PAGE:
Mobile app acts as eyes for color blind

New Windows app allows users to distinguish different colors with the phone's camera.

Texting cellphone 311 (photo credit: Reuters)
Texting cellphone 311
(photo credit: Reuters)
Alexandra Mann writes for No Camels.
If you were asked to differentiate between hues of camel, mustard or beige you would probably have a hard time doing so - most people would. But for the color blind, telling the difference between blue and yellow can be impossible.
Colorful, a new Windows phone application, says it can act as eyes for the color blind. The app enables users to distinguish colors with the use their phone’s camera – by using filters to change the color schemes and to fit the users color vision deficiency.
If you pointed your camera towards a bunch of apples, the app can tell you whether they are red, yellow or green apples. The app can also help distinguish colors in pictures on social networks like Facebook. Another feature is saving color “tags” for future use, for example, taking a picture of the user’s favorite shirt and saving its color as a tag so that next time the same color will appear in the camera or pictures the app will notify the user.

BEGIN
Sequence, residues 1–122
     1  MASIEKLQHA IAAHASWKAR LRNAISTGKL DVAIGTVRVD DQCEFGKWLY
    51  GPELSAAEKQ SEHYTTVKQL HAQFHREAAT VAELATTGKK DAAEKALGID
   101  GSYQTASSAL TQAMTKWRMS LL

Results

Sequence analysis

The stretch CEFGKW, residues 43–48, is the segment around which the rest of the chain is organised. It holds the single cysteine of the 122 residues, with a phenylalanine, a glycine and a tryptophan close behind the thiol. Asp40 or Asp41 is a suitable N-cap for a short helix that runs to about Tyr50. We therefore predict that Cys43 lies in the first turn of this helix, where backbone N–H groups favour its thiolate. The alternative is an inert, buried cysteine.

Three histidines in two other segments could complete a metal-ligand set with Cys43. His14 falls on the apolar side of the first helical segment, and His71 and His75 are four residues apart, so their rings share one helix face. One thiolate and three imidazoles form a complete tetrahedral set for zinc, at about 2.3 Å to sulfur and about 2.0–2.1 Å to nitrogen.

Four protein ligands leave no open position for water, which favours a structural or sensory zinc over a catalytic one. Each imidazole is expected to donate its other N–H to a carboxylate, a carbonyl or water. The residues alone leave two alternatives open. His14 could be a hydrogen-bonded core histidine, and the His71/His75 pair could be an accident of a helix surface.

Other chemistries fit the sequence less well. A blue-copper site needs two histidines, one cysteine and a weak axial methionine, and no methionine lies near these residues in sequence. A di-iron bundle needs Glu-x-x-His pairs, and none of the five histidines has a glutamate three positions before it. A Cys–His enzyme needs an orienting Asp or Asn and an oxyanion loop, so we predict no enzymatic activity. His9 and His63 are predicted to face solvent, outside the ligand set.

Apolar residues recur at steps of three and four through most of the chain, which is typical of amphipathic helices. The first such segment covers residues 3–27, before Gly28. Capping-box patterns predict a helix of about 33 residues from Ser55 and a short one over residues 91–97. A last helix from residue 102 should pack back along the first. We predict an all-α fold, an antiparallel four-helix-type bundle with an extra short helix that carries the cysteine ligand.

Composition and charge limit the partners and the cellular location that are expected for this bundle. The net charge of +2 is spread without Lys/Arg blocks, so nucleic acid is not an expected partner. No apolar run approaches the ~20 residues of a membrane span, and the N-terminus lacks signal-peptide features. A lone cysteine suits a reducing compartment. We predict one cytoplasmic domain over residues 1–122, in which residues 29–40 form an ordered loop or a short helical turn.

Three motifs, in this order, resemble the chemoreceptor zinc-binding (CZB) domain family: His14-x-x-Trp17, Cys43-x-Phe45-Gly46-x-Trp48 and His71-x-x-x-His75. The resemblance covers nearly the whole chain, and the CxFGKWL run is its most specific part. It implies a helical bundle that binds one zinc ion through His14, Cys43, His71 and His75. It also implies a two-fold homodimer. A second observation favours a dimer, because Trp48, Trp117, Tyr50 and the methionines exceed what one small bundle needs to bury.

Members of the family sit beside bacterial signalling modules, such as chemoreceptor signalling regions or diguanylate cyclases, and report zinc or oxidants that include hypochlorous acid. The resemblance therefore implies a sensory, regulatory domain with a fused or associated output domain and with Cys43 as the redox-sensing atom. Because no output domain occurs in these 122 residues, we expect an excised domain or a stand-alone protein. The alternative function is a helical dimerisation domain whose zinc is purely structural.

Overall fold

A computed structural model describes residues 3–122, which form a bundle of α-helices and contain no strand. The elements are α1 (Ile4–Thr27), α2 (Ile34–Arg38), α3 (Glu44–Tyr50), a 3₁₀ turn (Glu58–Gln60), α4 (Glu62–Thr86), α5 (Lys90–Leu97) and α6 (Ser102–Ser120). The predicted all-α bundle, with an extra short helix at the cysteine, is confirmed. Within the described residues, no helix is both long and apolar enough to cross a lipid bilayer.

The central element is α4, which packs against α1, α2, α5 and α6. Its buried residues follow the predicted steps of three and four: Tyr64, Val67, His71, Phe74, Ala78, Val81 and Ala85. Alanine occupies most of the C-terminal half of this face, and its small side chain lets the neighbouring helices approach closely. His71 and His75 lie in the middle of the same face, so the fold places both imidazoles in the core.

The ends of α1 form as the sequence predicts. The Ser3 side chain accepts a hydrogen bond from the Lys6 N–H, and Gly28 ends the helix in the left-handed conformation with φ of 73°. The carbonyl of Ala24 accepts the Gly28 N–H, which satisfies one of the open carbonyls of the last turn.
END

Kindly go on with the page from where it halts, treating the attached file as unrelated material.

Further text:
The app offers several options for color analysis: Standard – which shows the color names (blue, red or green); Extended – which analyzes the hue (maroon, navy and emerald); Artistic – which tries to relate colors to objects (chocolate, asparagus, strawberries.) The app can also analyze colors in printing terms, for example pink is #C76868.
The app was created by three Israeli students in computer science from the Hebrew University of Jerusalem – Edan Bloch, Maayan Negbi and Achia Shaag.
Bloch decided to work on the app when he found out that color blindness is more prevalent than he imagined; between four to 10 percent of the population, mostly men, are affected.
The Colorful prototype won Microsoft’s WPAppItUp international student competition. The app is available for Windows Phone 7.5 users for $1.99.
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